Caregiver-child wellbeing project: KZN uKunankekela study
The caregiver-child wellbeing project is part of the broader Young Carers South Africa study. This research is the world’s first large-scale quantitative study of the impacts of familial HIV and AIDS on children and is developed and conducted in collaboration with national government departments and NGOs. The KwaZulu-Natal component of the project is unique in that it collects paired data from both caregivers and children in their care. This allows for an assessment of the health and wellbeing of both child and caregiver, as well as possibly linkages. The project generates at least 17 newspaper and internet media articles; podcasts; the production of two participant-led movies; and several key national and international policies that are directly utilising the research findings.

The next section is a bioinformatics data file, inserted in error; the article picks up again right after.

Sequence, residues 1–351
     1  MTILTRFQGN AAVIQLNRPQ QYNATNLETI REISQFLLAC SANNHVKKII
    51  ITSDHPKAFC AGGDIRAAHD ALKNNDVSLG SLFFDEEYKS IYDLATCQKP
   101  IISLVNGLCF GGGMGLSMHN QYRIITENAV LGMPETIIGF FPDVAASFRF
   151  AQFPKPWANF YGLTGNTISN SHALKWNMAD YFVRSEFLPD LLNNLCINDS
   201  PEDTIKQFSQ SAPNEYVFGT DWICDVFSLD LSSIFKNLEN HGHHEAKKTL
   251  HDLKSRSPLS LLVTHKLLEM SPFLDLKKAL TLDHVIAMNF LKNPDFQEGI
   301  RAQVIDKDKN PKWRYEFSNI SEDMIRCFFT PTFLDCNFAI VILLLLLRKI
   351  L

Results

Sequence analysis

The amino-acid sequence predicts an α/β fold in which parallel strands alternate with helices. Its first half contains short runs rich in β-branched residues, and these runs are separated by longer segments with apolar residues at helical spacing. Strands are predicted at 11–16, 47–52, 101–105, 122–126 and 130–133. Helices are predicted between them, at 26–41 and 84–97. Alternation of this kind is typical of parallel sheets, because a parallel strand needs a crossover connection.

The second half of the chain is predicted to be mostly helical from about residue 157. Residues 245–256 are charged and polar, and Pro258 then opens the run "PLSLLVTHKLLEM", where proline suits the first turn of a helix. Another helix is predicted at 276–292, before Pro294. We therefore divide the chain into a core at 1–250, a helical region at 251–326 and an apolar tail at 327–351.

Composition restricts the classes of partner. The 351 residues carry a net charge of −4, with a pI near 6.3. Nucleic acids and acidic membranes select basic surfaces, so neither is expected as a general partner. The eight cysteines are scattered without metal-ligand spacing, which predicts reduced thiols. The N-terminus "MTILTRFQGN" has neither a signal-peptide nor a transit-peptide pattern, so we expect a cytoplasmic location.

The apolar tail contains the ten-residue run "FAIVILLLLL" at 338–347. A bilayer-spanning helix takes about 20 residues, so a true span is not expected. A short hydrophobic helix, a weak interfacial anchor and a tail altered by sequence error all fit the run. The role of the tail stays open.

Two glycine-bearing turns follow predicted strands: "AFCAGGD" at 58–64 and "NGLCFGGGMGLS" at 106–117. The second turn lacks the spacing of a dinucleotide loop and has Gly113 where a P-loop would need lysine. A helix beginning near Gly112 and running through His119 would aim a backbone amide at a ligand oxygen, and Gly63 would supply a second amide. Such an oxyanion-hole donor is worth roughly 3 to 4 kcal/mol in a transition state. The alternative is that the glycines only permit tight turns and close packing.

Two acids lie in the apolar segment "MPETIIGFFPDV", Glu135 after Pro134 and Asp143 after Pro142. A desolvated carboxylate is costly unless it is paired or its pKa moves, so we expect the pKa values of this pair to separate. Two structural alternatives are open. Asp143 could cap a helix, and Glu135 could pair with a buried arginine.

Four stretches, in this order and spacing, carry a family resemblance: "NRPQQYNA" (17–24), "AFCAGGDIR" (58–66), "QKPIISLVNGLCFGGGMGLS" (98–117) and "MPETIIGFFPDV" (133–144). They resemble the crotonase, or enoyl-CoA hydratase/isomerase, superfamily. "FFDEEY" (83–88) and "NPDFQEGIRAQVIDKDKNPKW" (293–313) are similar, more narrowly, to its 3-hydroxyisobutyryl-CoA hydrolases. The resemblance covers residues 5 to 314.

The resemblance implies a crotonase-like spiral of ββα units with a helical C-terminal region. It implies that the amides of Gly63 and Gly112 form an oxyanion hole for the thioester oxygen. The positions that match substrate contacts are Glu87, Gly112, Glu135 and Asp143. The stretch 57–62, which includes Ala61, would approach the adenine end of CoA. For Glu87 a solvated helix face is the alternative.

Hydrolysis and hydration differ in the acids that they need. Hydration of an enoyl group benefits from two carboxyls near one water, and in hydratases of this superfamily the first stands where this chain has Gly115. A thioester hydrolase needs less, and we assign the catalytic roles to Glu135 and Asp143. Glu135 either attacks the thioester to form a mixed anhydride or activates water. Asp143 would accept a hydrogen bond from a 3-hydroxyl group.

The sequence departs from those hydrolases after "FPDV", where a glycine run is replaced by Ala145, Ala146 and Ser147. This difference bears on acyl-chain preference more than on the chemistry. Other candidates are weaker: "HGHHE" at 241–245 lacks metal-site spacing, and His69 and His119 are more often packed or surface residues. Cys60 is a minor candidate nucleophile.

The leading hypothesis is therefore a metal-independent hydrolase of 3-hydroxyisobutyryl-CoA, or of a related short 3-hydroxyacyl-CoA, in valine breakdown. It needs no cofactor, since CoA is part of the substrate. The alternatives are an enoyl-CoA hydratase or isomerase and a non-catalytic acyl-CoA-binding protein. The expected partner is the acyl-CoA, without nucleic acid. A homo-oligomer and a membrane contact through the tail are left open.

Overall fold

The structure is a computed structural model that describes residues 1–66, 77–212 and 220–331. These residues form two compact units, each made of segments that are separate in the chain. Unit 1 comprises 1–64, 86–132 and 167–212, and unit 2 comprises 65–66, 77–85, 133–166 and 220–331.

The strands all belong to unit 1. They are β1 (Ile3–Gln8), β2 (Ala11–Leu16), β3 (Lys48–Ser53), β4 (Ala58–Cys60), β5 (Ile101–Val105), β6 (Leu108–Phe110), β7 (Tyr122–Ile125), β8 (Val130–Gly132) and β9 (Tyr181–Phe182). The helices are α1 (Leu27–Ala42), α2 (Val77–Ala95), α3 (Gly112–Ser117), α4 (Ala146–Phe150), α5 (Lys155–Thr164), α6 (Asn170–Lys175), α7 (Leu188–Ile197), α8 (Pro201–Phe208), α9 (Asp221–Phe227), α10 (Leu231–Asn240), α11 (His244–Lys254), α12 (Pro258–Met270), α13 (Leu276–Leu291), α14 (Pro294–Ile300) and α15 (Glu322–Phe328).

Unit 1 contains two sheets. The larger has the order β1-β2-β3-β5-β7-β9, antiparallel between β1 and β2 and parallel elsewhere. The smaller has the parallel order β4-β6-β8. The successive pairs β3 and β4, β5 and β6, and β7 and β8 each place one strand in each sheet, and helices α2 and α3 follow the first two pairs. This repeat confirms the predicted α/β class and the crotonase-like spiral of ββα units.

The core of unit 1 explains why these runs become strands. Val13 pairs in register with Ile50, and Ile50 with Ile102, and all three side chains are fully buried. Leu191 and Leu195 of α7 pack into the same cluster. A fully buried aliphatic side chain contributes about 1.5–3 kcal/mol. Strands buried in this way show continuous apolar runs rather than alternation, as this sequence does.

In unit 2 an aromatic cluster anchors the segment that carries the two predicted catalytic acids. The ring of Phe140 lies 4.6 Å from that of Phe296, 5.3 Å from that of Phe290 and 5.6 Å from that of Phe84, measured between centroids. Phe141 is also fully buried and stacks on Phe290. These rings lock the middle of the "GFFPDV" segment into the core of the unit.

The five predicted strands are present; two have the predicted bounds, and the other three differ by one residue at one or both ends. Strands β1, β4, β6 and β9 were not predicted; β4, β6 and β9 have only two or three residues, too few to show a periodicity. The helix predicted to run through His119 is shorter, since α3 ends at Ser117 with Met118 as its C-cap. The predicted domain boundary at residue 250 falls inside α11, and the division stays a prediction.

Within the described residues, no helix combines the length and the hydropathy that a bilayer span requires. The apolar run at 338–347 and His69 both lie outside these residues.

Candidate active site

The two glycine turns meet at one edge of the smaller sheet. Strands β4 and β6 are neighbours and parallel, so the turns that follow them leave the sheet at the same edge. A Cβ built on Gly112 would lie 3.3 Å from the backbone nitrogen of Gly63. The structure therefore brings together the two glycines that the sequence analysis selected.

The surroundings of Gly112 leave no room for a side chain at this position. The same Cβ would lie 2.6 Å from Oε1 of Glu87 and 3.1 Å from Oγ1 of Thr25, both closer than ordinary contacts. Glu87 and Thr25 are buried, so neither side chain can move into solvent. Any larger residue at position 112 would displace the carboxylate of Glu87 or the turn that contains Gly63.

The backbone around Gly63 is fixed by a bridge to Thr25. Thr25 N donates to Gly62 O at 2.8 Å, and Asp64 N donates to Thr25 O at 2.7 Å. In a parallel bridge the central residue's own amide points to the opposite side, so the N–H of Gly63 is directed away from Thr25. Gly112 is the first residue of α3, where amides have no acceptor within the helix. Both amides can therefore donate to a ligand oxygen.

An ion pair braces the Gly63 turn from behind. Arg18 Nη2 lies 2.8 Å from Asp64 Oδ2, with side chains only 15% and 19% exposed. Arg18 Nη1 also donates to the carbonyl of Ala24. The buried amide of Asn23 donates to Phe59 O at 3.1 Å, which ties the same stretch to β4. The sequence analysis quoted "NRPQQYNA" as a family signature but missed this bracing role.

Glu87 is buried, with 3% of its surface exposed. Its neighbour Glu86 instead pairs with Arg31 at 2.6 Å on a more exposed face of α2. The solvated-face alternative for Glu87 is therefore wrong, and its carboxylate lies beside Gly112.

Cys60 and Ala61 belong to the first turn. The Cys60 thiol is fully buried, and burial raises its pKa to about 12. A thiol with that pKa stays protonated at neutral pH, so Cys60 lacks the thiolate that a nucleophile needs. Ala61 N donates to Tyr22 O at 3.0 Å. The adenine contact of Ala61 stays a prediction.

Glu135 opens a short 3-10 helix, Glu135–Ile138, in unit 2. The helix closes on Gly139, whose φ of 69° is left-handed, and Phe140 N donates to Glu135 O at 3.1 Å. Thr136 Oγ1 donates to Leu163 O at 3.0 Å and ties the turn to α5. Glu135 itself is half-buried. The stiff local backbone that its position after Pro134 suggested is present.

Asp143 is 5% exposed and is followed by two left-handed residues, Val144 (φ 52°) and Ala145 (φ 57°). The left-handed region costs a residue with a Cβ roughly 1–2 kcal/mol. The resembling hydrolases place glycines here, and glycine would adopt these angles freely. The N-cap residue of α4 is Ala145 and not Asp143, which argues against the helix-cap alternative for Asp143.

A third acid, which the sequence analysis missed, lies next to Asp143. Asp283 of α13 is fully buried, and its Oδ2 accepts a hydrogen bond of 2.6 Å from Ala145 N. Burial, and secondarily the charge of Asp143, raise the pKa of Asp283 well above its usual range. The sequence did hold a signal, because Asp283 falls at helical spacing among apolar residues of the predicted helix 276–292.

- To examine the impact on children’s physical, emotional, social, sexual and educational wellbeing by living in an AIDS-affected family
- To identify risk and protective factors which can be directly targeted by government policy and programming in order to improve child outcomes.
A cross-sectional survey with 2477 children, 10-17 years of age and their adult primary caregivers (18 years or older) in two HIV-endemic communities in KwaZulu-Natal; fieldwork undertaken in both an urban and rural research site.